Dr. Jeff Chamberlain will be the inaugural dean of the newly created Hicks Honors College, starting in August.
The Hicks Honors College was a university program; however, the current Honors Director, Dr. Jeff Michelman helped elevate the program to a college. Michelman will return to the Coggin College of Business faculty as a professor.
Chamberlain served as the director of the Frederik Meijer Honors College at Grand Valley State University in Allendale, Michigan for the last 10 years. He also worked as a professor of history at the University of St. Francis in Joliet, Illinois. His interests include social, political, intellectual, and ecclesiastical history of Tudor/Stuart and Georgian England.
Dr. Chamberlain holds a Ph.D. from the University of Chicago.
Dr. Thomas M. Spencer has been selected as the sole finalist for the position of Dean for the Honors College at Texas A&M University-Kingsville. His appointment is pending approval from the Chancellor of the Texas A&M University System.
Spencer has served as the Director of Honors Student Affairs at Eastern Illinois University’s Sandra and Jack Pine Honors College since 2012. His duties there have included overseeing the day-to-day administrative matters for some 500 honors students; coordinating 24 departmental honors programs; and managing 190 scholarships worth approximately $1 million annually.
During his time at Eastern Illinois University, its Honors College’s share of the incoming freshman class increased to more than 12 percent for three straight academic years from 2014 to 2016. Spencer helped create and develop the Pine Honors College Housing Community in 2014. He has also been in charge of social media for the Pine Honors College since 2013, among other accomplishments.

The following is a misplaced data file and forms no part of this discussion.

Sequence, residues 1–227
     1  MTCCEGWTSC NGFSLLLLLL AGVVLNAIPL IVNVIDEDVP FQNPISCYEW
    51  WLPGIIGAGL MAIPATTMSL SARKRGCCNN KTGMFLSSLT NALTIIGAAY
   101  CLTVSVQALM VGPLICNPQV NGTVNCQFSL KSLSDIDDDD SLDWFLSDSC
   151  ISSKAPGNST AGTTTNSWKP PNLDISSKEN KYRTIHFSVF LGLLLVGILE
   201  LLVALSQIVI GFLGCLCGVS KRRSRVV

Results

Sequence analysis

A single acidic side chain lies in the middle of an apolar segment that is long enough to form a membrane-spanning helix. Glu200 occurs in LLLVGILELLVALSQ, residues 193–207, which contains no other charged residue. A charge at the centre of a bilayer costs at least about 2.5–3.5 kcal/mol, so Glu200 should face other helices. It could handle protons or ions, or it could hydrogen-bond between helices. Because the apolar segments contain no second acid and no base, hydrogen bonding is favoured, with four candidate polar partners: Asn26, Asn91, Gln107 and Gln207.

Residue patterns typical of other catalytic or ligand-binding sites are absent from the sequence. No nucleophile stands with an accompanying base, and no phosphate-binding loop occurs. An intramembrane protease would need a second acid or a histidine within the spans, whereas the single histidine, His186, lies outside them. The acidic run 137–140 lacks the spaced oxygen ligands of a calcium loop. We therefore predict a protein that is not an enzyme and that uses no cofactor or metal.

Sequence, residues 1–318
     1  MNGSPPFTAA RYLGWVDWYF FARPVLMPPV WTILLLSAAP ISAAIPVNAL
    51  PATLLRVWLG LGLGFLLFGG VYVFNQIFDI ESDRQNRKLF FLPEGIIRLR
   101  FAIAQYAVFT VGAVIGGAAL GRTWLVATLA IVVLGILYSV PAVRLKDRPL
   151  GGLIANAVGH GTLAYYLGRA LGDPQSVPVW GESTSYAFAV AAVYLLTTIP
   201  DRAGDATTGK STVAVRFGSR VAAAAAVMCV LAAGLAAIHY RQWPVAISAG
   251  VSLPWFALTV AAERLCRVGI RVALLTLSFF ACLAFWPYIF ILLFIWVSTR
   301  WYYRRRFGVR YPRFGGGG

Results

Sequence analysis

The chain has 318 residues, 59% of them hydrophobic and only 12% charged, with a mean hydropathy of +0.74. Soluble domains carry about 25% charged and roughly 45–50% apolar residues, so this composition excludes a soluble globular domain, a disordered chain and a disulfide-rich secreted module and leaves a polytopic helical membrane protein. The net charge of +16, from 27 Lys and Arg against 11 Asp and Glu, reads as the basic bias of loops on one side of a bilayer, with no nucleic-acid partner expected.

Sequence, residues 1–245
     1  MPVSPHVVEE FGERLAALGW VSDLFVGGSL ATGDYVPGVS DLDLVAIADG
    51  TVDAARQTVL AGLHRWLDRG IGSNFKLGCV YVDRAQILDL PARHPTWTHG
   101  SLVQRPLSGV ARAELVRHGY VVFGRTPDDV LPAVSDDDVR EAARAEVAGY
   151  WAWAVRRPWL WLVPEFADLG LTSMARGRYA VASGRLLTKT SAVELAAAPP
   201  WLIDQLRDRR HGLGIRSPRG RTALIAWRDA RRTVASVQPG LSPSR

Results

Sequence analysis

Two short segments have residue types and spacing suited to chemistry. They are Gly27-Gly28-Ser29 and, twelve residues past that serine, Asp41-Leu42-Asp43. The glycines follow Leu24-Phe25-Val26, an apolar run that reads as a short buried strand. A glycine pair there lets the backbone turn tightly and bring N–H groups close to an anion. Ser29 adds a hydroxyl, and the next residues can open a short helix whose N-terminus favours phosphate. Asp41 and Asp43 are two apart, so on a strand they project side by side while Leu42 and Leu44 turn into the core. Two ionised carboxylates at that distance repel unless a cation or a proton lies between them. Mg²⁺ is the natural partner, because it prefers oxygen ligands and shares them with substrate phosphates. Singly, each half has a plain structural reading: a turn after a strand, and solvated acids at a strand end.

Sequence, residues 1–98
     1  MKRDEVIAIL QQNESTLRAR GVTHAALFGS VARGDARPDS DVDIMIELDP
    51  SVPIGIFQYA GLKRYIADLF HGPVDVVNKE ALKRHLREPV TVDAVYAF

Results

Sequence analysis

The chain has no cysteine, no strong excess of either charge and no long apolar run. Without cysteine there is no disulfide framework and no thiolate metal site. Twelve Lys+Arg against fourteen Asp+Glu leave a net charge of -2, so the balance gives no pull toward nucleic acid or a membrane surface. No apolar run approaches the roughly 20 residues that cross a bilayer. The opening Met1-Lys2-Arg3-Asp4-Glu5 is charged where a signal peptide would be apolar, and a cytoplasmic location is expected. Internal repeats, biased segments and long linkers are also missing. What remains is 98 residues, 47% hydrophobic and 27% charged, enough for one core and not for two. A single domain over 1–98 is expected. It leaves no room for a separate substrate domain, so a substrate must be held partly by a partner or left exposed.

Prior to his time at Eastern Illinois University, Spencer was Director of the Honors Program at Northwest Missouri State University and a tenured Professor of History. He oversaw the Honors Program there from 2008 to 2012, and was a faculty member from 1997 to 2012. His scholarship includes the publication of three books and several articles.
Spencer is active in the National Collegiate Honors Council (NCHC) and has made a number of presentations as well as led workshops for Honors administrators at the NCHC Annual Meeting. He served on the NCHC External Relations Committee from 2010 to 2013 and currently serves on the NCHC Teaching & Learning Committee.
Spencer received a Ph.D. in History from Indiana University, Bloomington; an M.A. in History from the University of Missouri-Columbia; and a B.A. in History from Trinity University, San Antonio.
It is close to a given that whenever the subject of public university honors programs receives widespread attention in the media, many comments from readers point to the alleged unfairness–the “elitism”–of such programs. Some readers, understandably, lament the disproportionate allocation of resources to a relatively small number of students, arguing that the resources should benefit all students.
First, as to the basic charge of elitism, the term clearly applies if it is used to characterize the official membership of highly qualified students in honors colleges and programs. In general, they are among the top 5-10 percent of the entire student body, based on high school gpa’s and standardized test scores.
Second, it is true that specific components of honors programs, especially honors “benefits,” serve to set honors students apart from the overall student body. Prominent among these benefits are special honors dorms and one form or another of priority registration for honors students. (But some honors programs, most notably those at UW Madison, do not provide separate housing because of a conscious effort to avoid charges of elitism.)